Using Git

10 minute read

One of the greatest advantages of open source is the ability to view, modify and share the source code. This means diagnosing and fixing problems, or adding new features or documentation. In order to contribute these fixes/improvements to the project’s developers, you need to send them back your changes in an adequate manner. This can be done by creating and sending a patch file, or by doing a pull request. Scroll down for more details about how to do that.

For the version control system we use Git, a free and open source application that automates the process of keeping an annotated history of the project, allowing reversion of code changes, easy branching and merging, sharing and change tracking. The GNSS-SDR’s GitHub repository hosts all of the data files needed for version control, being the central “truth” repository resource of GNSS-SDR’s source code. Such reference repository is usually referred to as upstream.

A repository is simply a place where the history of the work is stored. The distributed nature of Git allows users to clone this repository, that is, to obtain an exact replica of the original repository at their own local hard drive. Then, users can build and use the software, modify the source code, share their work, and contribute back to GNSS-SDR. Git is a fantastic but complex source code management system - it has a steep learning curve, but it worth it. A good reference is the freely available Git Pro book, but there are plenty of good Git tutorials out there. If you have never used it, start from the Git Basics or this interactive learning game that takes just 15 minutes.

Branching in Git is one of its many great features. A branch represents an independent line of development or, more accurately, a directed acyclic graph of development. If you have used other version control systems, it is probably helpful to forget most of what you think about branches - in fact, it may be more helpful to think of them practically as contexts since that is how you will most often be using them. When you checkout different branches, you change contexts that you are working in, and you can quickly context-switch back and forth between several different branches. Every time you switch to a new branch, you will actually see different files in your local folder.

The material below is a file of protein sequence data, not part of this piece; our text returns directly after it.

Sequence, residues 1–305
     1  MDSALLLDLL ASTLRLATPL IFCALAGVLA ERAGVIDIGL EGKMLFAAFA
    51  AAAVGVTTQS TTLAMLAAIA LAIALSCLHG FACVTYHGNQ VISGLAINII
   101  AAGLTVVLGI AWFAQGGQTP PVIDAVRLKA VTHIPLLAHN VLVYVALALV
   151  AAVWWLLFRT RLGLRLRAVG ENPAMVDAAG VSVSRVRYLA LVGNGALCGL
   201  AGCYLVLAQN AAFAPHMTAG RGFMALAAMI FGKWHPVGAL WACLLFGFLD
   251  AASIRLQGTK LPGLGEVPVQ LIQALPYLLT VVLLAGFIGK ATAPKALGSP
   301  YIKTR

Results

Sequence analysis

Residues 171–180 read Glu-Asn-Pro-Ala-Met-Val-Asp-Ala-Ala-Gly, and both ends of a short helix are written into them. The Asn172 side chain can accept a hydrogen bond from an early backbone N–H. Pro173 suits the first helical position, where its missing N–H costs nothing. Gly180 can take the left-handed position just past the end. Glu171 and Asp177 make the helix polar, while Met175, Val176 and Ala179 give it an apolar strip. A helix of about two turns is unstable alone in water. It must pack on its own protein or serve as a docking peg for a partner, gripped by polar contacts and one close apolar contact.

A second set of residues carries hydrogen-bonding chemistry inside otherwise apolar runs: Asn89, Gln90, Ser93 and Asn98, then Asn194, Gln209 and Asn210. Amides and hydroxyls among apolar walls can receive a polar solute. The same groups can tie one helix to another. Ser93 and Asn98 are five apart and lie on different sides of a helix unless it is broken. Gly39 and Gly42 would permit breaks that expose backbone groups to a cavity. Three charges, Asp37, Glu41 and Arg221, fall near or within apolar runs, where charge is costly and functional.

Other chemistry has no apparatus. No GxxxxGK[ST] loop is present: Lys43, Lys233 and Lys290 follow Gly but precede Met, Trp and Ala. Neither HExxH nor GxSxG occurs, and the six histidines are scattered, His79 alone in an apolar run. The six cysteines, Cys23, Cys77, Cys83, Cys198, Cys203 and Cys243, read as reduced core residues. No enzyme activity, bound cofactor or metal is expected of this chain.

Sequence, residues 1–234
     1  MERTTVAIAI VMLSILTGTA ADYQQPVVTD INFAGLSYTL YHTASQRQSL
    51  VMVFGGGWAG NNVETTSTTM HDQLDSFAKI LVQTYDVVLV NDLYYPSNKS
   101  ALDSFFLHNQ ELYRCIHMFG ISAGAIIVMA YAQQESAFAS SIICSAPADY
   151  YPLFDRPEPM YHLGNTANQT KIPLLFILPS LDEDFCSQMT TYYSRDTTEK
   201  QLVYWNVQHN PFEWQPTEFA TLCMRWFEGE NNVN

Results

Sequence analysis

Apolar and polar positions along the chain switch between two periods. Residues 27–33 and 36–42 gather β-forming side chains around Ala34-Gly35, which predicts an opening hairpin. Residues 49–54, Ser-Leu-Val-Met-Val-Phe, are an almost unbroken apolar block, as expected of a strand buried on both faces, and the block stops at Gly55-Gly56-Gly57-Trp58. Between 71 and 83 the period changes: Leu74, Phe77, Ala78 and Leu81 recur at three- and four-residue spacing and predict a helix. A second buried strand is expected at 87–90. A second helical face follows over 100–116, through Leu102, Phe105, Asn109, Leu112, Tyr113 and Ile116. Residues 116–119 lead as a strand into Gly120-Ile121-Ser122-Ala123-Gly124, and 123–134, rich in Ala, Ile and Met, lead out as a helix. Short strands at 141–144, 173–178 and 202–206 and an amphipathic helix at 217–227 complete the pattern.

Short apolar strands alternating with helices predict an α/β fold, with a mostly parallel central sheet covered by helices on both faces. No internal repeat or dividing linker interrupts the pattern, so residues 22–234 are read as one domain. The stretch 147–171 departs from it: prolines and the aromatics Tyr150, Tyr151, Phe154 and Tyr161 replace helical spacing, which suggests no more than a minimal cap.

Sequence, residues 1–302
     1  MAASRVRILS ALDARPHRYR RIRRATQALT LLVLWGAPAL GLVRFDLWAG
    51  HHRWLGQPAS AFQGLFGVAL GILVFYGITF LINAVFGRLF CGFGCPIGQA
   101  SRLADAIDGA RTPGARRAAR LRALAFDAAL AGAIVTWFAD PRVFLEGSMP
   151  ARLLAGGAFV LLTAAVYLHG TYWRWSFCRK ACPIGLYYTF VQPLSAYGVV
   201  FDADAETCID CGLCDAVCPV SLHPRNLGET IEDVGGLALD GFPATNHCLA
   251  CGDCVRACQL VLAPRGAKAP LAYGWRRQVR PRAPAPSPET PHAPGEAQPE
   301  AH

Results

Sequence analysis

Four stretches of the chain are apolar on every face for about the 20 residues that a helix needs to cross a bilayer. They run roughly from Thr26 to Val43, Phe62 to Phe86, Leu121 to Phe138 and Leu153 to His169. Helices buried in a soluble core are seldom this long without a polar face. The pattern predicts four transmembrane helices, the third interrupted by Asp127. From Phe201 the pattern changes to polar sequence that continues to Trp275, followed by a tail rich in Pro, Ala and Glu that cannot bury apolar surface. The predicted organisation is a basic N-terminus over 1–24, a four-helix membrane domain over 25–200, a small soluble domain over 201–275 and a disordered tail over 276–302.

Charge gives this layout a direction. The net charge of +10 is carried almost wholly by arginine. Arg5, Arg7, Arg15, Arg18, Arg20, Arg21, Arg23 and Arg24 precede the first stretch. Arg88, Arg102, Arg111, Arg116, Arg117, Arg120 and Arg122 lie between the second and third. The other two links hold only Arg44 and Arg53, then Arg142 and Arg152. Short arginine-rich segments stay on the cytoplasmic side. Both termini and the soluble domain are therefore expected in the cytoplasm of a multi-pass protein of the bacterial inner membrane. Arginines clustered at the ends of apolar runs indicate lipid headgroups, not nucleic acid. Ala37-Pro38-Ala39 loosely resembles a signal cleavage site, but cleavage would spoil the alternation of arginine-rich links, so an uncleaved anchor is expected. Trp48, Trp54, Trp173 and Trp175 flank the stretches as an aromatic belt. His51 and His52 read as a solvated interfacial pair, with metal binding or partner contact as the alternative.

In GNSS-SDR, the source code comes in two flavours: “master” and “next” (these are in fact the names of the Git branches). While “master” is the main, most stable branch that contains the latest release, “next” is where all the development is happening, the most bleeding edge code out there. Once you have cloned the main repository, you can easily switch between these two branches (or any other created by you or fetched from other users) by going to your git-cloned repository and issuing the git checkout command with the name of the desired branch name, like this:

$ git checkout master   # now you are in the master branch
$ git checkout next     # now you are in the next branch

If you do not know in which branch you are, pay attention to the first line of this command’s output:

$ git status

How to work with the source code and submit your changes

If you still not have one, please sign up in GitHub and create your personal account (it’s free).

The first thing you need to do in order to submit your changes to the GNSS-SDR repository is to fork from it. This can be done either by following this link, by clicking in the following button:

Fork GNSS-SDR from GitHub

or by browsing to and clicking in the Fork button at the upper-right corner of the screen: Fork button

Once you have forked the repository, open a terminal and (if you have not done so yet) configure Git with some basic information, such as your identity:

$ git config "Your Name"
$ git config ""

The email you specify should be the same one found in your GitHub email settings.

Then, go to your favourite working folder and type:

$ git clone

Now, you have a local copy of your fork of the GNSS-SDR repository into a directory called gnss-sdr.